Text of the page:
The first mention of Manchester, New Hampshire’s Lafayette Park, can be found in the
1903 Receipts and Expenditures of the City of Manchester (NH), when it is stated: “Extensive improvements were made at Lafayette Park which came into possession of the city through the generosity of the Amoskeag Manufacturing company. Edgestones were set, gutters paved and concrete walks laid on the sides of the park and a commencement made in grading the same. Total amount expended $1,000.00.” Lafayette Park is located on the west side of the city near the current day Catholic Medical Center (formerly called Notre Dame de Lourdes Hospital).
In 1824 and 1825 when Lafayette revisited the United States, he spent a brief time in New Hampshire, but did not visit this park. I have found some references that infer that he visited Manchester during his second visit to the Amoskeag Tavern, however I could not find any primary evidence of same.
What appears to be the main entrance to the park is at the corner of Amory and Notre Dame Avenues, and is guarded by two lion statues. The park itself is about two acres in size, and includes statues, trees, green lawns, sidewalks and benches.
Exactly who is the Lafayette whom the park is named after? That would be Marie Joseph Paul Yves Roche Gilbert du Motier, Marquis de Lafayette, who was born into a family of noble military lineage on September 6, 1757, in Chavaniac, France. Learning about the struggles of the American colonies against the British, he travelled here and offered his aid and resources. He eventually developed a strong friendship with George Washington. After the American Revolution he returned to France where he assumed many leadership roles. He died there on 20 May 1834. He was considered a great hero to all, but especially to the French-Canadian immigrants of Manchester who quickly adopted their local park.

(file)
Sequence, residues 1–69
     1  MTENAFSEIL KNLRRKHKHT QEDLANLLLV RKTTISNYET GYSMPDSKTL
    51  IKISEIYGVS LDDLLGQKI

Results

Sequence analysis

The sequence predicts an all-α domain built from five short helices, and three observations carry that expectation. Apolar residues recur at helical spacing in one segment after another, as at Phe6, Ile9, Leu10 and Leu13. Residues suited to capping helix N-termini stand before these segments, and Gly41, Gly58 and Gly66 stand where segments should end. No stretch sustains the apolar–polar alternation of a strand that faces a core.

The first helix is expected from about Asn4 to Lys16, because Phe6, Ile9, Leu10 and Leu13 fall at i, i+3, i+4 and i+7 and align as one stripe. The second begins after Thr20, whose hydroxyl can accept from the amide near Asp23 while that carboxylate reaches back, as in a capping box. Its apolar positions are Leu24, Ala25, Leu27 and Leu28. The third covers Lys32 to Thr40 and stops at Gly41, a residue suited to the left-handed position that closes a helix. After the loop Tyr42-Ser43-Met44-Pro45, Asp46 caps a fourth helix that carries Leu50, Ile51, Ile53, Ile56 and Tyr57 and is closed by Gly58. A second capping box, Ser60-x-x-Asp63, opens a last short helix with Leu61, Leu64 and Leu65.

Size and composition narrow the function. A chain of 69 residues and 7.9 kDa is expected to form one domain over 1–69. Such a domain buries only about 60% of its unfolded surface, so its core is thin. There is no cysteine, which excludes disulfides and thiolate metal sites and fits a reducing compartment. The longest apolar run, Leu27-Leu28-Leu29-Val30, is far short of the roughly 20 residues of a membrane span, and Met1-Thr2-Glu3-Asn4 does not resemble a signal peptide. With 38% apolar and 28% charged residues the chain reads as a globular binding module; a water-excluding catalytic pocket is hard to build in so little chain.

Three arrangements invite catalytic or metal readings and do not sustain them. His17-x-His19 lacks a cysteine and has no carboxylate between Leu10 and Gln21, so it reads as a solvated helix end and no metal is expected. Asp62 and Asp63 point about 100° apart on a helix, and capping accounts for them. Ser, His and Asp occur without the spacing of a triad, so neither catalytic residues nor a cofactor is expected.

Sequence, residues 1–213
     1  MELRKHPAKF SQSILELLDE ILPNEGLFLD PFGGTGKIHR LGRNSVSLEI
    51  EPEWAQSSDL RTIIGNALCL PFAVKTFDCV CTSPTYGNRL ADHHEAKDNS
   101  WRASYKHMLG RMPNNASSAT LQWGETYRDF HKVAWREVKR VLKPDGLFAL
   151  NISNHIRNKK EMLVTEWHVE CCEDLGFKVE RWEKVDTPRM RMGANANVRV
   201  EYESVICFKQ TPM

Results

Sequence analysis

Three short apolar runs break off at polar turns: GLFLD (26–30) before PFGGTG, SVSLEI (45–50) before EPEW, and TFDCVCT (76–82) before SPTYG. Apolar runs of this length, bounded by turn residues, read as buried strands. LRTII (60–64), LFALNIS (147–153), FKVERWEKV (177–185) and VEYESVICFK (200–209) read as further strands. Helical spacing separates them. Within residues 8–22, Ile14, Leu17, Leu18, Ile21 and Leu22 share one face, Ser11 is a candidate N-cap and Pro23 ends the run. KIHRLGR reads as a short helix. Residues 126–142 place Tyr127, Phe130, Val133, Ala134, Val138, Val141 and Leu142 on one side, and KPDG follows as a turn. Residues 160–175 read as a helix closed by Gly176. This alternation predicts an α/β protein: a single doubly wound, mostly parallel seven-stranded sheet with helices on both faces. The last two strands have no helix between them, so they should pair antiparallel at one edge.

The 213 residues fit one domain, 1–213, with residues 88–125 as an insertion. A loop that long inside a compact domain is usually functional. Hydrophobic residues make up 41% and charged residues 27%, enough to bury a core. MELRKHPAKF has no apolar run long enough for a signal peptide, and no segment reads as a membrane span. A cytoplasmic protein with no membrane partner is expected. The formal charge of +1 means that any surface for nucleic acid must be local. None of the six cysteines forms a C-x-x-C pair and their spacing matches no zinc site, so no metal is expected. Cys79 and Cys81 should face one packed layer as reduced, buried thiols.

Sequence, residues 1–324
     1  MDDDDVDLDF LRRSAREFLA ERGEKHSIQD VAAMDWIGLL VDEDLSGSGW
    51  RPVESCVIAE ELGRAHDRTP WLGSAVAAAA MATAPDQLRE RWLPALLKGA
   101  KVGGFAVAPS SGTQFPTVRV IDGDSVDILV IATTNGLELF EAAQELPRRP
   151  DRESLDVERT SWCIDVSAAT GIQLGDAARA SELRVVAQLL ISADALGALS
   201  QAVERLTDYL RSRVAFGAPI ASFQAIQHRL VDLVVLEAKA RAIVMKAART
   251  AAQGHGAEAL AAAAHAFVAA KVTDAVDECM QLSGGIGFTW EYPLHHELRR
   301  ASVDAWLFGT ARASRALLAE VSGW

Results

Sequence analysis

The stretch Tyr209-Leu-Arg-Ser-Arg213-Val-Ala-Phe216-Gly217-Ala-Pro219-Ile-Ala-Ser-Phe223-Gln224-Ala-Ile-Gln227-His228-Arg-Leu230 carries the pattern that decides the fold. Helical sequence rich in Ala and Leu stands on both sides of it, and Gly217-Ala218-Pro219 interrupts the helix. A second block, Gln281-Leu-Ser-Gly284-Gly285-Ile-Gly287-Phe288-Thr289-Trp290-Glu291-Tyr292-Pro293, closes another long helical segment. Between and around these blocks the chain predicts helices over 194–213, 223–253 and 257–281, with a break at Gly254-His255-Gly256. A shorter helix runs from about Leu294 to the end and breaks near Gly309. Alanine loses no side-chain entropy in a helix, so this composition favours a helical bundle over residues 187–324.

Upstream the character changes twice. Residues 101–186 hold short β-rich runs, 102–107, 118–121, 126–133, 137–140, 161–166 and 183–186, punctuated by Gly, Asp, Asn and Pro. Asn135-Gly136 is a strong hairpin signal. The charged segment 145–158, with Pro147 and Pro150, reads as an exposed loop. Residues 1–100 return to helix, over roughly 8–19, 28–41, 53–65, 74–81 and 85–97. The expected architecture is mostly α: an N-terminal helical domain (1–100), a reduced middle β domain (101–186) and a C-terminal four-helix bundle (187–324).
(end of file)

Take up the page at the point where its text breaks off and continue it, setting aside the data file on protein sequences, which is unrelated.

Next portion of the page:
On 26 June 1949, a sculpture–a statue of Ferdinand Gagnon, created by Joseph Arthur Coletti–was dedicated. Ferdinand Gagnon had resided briefly in Manchester NH. By 1869 had settled in Worcester, Massachusetts, and died in 1886 at the age of 36. He was an early editor of French-Canadian newspapers, and an activist for the rights of French-Canadian immigrants to New England.
Interestingly another notable work by the same sculptor, Boston-based Joseph A. Coletti, includes the Sumner Tunnel Memorial in Boston MA.
Layfayette Park was dedicated in 1957, on the 200th anniversary of the birth of its namesake, and the monument to Lafayette placed there (see photo to the left).
If you visit the park, take note that a historic building is located within the same block and in view at 418 Notre Dame Avenue–America’s Credit Union Museum.
Recollections of General Lafayette on his visit to the United States in 1824 and 1825, with the most remarkable incidents of his life, from his birth to the day of his death (1879)
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